This section provides that the title of the Regulation is the Customs Legislation Amendment (Drugs) Regulation 2015.

 

Section 2 – Commencement

 

This section provides that the Regulation commences on the day after it is registered.

 

Section 3 – Authority

 

This section provides that the Regulation is made under the Customs Act 1901.

 

Section 4 – Schedules

 

This section provides that each instrument that is specified in a Schedule to this instrument is amended or repealed as set out in the applicable items in the Schedule concerned, and any other item in a Schedule to this instrument has effect according to its terms.

 

Schedule 1 – Amendments

 

Customs (Prohibited Exports) Regulations 1958

 

Clause 1 – Subregulation 2(1) (definition of poppy straw)

 

This clause repeals the current definition of poppy straw and substitutes it so that poppy straw means any part (other than the seeds) of either of the following:

(a)    a plant of the species Papaver somniferum (otherwise known as opium poppy);

(b)   a plant of the species Papaver bracteatum.

The clause clarifies that the definition of poppy straw includes the species Papaver bracteatum as well as Papaver somniferum.  Both species are subject to international controls.

 

Clause 2 – After regulation 14

 

This clause inserts a transitional provision and provides that the clause applies if immediately before the day the Customs Legislation Amendment (Drugs) Regulation 2015 commenced:

·       an application had been lodged with the Secretary under subregulation 10(3) for a permission to export the Schedule 8 drug known as 4-hydroxybutanoic acid (otherwise known as Gamma-hydroxybutyric acid, or GHB); and

·       a decision about whether to grant the application had not been made.

 

It also provides that if the application was not accompanied by an authorisation from the appropriate government authority of the country to which the drug is to be exported then an additional 28 days will be provided for the applicant to lodge such an authorisation.

 

The clause also provides that Regulation 15 be repealed 29 days after the commencement day as it will no longer be required however the repeal will not affect the operation of proposed subregulations (1) and (2).

 

Clause 3 – Part 1 of Schedule 8 (after table item 3)

 

This clause inserts the drug known as ‘Acetylmorphine’ as item 3A of the table in Part 1 of Schedule 8. This drug has been added to Part 1 of Schedule 8 in order to meet Australia’s international Treaty obligations as a result of it being added as a Schedule 1 drug within the Single Convention on Narcotic Drugs, 1961 (1961 Convention).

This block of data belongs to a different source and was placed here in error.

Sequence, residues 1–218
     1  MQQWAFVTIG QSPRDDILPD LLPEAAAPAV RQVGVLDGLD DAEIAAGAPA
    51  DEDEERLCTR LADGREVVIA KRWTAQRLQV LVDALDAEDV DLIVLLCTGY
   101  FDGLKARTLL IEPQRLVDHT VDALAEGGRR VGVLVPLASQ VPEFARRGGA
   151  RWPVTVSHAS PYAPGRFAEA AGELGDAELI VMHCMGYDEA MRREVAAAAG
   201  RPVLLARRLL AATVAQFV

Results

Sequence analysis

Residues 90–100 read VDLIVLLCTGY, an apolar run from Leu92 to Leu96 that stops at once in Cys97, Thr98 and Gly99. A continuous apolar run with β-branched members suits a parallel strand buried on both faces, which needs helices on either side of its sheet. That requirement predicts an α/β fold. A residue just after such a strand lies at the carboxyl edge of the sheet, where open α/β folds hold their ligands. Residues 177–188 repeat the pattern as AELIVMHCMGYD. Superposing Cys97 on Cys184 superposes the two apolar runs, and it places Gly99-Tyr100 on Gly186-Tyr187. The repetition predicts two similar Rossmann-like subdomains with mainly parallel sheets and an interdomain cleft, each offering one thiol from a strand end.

Clause 4 – Part 1 of Schedule 1 (after table item 26)

 

This clause inserts the drug known as ‘Codeine‑N‑oxide’ as item 26A of the table in Part 1 of Schedule 8. This drug has been added to Part 1 of Schedule 8 in order to meet Australia’s international Treaty obligations as a result of it being added as a Schedule 1 drug within the 1961 Convention.

 

Clause 5 – Part 1 of Schedule 8 (after table item 27)

 

This clause inserts ‘Concentrate of poppy straw (the material arising when poppy straw has entered into a process for the concentration of its alkaloids)’ as item 27A of the table in Part 1 of Schedule 8. This has been added to Part 1 of Schedule 8 in order to meet Australia’s international Treaty obligations as a result of it being added as a Schedule 1 drug within the 1961 Convention.

 

Clause 6 – Part 1 of Schedule 8 (after table item 34)

 

This clause inserts the drug known as ‘Dihydroetorphine’ as item 34A of the table in Part 1 of Schedule 8. This drug has been added to Part 1 of Schedule 8 in order to meet Australia’s international Treaty obligations as a result of it being added as a Schedule 1 drug within the 1961 Convention.

 

Clause 7 – Part 1 of Schedule 8 (after table item 61)

 

This clause inserts the drug known as ‘Meprodine’ as item 61A of the table in Part 1 of Schedule 8. This drug has been added to Part 1 of Schedule 8 in order to meet Australia’s international Treaty obligations as a result of it being added as a Schedule 1 drug within the 1961 Convention.

 

Clause 8 – Part 1 of Schedule 8 (table item 74)

 

This item repeals table item 74 and replaces it with the drug known as ‘Morphine’. As a concentrate of poppy straw will be listed as a Part 1 of Schedule 8 drug there is no need to include such a reference to poppy straw when referring to Morphine.

 

Clause 9 – Part 1 of Schedule 8 (after table item 88)

 

This clause inserts the drug known as ‘Oripavine’ as item 88A of the table in Part 1 of Schedule 8. This drug has been added to Part 1 of Schedule 8 in order to meet Australia’s international Treaty obligations as a result of it being added as a Schedule 1 drug within the 1961 Convention.

 

Clause 10 – Part 1 of Schedule 8 (after table item 106)

 

This clause inserts the drug known as ‘Prodine’ as item 106A of the table in Part 1 of Schedule 8. This drug has been added to Part 1 of Schedule 8 in order to meet Australia’s international Treaty obligations as a result of it being added as a Schedule 1 drug within the 1961 Convention.

 

Clause 11 – Part 1 of Schedule 8 (item 115)

 

This clause repeals table item 115 and substitutes it with ‘Thebaine’. This amendment removes redundant parts of the description of Thebaine which will be captured by the definition of poppy straw.